Sophia Lyon Fahs: A Pioneer in Religious Education
A Revitalized Legacy

By The Rev. Dr. Barry Andrews, Minister Emeritus, Unitarian Universalist Congregation at Shelter Rock

 

Sophia Fahs (1876-1978) was a progressive religious educator who believed deeply in engaging children where they lived, in the world of their daily lives, in the process of equipping them to deal with everyday problems. She also sought to stimulate their sense of wonder and curiosity about life. Her approach to religious education, as described in her book Today’s Children and Yesterday’s Heritage, marked a radical departure from traditional content and methods. Instead of telling children what they ought to believe, Fahs encouraged them to ponder for themselves the mysteries of the universe and human destiny. “One’s faith,” Fahs wrote, “is the philosophy of life that gathers up into one emotional whole...all the specific beliefs one holds about many kinds of things in many areas of life.”

Fahs pioneered in exposing children to the stories, myths and legends of other cultures, and to the discoveries of science. In place of rigid lesson plans and structured learning, she introduced painting, role-playing and creative self-expression. In place of beliefs that are divisive, discriminatory and damaging, she promoted beliefs that are expansive, inclusive and gateways to wider understanding. She insisted that there is no special religious knowledge. “Instead of helping children...to think about ‘religious things,’ we need to learn how to help children think about ordinary things until insights and feelings are found which have a religious quality.”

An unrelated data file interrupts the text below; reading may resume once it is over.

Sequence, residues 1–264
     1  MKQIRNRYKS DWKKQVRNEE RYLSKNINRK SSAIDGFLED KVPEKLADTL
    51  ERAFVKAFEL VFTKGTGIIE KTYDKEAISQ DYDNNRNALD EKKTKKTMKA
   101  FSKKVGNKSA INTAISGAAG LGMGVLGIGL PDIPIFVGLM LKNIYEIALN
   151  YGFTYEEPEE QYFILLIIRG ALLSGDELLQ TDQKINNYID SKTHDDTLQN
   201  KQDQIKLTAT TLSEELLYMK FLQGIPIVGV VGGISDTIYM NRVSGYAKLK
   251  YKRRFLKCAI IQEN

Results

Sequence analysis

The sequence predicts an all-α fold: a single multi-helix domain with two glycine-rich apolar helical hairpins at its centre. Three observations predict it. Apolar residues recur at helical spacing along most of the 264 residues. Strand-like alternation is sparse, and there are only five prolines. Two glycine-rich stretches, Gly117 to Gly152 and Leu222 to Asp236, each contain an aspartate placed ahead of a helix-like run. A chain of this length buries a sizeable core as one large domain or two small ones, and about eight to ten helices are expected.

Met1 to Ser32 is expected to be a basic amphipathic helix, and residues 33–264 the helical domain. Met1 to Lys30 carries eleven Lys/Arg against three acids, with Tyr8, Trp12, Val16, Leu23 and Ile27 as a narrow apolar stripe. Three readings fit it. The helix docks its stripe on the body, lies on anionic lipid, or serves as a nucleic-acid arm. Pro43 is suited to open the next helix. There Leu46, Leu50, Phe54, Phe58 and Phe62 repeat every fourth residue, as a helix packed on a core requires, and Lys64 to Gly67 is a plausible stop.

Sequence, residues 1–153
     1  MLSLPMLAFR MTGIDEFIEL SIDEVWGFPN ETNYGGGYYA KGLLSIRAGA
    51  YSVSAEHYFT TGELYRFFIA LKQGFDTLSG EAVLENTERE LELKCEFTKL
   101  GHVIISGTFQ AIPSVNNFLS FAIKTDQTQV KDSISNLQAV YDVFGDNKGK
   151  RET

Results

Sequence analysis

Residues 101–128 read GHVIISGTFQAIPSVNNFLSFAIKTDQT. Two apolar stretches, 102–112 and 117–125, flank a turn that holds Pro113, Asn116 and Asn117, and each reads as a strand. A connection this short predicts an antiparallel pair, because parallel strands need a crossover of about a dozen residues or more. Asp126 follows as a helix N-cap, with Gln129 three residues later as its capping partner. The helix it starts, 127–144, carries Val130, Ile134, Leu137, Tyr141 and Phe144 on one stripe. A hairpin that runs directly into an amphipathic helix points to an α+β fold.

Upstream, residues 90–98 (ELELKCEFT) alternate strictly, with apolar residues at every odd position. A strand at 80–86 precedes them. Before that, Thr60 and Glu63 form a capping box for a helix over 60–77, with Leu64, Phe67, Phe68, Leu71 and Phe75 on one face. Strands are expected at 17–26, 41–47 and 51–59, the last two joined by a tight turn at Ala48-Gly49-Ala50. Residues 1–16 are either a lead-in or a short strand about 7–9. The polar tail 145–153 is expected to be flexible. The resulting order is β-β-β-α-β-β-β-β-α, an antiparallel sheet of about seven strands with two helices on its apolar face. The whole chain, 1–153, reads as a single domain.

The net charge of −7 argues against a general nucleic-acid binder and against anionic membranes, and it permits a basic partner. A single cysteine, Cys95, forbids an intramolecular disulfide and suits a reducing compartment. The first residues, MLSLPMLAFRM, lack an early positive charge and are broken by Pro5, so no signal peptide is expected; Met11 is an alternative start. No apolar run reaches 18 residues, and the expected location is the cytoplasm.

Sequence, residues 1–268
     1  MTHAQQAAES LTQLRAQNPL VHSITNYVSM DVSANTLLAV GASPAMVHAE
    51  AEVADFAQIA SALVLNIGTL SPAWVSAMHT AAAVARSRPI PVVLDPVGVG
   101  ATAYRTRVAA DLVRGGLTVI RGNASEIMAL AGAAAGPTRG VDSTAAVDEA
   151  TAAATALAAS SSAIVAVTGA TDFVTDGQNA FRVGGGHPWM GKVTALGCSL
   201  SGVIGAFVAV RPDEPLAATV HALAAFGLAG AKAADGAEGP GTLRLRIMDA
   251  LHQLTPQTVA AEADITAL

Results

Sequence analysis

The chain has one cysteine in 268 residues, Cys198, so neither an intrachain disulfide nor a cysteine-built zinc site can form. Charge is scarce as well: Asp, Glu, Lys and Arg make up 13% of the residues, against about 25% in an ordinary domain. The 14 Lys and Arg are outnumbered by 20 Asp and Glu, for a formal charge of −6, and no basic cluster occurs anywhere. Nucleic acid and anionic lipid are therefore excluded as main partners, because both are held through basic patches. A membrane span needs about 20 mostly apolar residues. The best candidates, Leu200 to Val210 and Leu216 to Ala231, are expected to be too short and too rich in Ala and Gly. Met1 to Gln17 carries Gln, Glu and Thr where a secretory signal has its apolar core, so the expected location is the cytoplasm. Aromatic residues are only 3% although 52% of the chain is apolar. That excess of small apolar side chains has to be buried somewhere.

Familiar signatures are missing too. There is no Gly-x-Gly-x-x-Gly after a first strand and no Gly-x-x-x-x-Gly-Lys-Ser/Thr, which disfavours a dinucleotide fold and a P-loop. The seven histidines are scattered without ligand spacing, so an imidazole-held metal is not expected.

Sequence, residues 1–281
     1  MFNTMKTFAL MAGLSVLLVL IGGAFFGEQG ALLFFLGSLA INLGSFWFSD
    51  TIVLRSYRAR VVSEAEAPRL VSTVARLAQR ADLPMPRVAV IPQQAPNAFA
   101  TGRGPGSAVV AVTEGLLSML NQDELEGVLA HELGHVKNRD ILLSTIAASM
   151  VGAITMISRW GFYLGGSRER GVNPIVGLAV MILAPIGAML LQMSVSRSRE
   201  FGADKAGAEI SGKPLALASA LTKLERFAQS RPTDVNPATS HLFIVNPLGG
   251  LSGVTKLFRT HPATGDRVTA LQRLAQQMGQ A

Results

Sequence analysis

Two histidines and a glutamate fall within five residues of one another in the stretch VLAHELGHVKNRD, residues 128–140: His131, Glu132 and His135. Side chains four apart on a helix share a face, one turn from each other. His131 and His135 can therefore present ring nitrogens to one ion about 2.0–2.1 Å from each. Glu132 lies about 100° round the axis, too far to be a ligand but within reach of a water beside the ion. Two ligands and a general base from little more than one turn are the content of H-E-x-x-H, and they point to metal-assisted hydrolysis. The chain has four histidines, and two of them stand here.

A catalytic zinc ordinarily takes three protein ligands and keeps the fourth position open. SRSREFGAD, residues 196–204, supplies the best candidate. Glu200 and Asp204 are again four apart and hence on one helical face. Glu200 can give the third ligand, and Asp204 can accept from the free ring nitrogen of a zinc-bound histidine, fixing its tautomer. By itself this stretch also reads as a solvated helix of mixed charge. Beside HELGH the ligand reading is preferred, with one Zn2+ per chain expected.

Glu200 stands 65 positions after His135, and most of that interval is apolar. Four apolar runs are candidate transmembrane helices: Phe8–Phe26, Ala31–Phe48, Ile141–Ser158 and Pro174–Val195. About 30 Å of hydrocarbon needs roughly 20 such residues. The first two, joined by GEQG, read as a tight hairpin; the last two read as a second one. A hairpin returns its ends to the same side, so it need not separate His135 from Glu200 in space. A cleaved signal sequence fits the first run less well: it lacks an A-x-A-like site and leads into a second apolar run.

Fahs not only used progressive teaching methods; she also understood that the process of achieving religion never ceases. Faith, too, is progressive. “As the personality grows and changes so do beliefs grow and change.” Thus it was important, from Fahs’ perspective, to offer children alternative points of view and to stimulate them to be both self-reliant and sensitive to the needs of others. It is more important to encourage self-reflection, critical thinking and the development of one’s inner resources  than to reinforce rigid beliefs. Only in this way will our children learn to promote global peace and human solidarity.

Fahs‘ ideas were developed in the context of the experimental Sunday School at Columbia University’s Teachers College, the Union School of Religion and the Riverside Church School, each of them laboratories of religious education theory and methods. In her sixties she was hired by the American Unitarian Association to edit the New Beacon Curriculum. In keeping with her prior experience, she insisted that teaching and learning should be collaborative in nature, that subject matter should be consistent with the children’s cognitive development, and that curriculum should be field-tested to ensure that it engages the children’s interest.

Sophia Fahs’ contribution to Unitarian Universalist religious education has been transformative. Almost single-handedly, she shifted religious education from Bible-centered to experience-centered learning and from adult-driven to child-driven pedagogy. She was on the leading edge of developments in the field of religious education theory and practice. No doubt, were she writing and teaching today, she would still be looking for new ways of implementing her philosophy of creative religious development.